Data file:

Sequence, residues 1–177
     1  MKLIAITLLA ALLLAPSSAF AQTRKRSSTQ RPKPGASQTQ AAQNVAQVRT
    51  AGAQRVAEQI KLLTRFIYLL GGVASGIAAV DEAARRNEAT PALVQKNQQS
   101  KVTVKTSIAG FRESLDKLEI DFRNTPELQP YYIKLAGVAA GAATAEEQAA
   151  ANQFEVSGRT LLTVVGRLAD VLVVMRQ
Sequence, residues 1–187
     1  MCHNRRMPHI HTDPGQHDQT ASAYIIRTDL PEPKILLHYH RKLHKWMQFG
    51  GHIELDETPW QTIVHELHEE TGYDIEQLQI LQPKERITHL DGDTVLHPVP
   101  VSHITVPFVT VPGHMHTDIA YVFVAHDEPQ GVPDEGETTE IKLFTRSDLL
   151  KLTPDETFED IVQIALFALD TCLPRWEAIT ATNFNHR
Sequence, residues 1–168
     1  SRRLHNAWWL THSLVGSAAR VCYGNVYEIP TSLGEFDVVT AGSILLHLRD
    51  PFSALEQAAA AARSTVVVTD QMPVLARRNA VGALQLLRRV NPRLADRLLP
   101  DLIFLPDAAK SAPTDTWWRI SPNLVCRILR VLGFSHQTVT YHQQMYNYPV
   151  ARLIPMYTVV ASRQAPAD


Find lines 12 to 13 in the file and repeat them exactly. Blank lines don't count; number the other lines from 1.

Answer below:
     1  SRRLHNAWWL THSLVGSAAR VCYGNVYEIP TSLGEFDVVT AGSILLHLRD
    51  PFSALEQAAA AARSTVVVTD QMPVLARRNA VGALQLLRRV NPRLADRLLP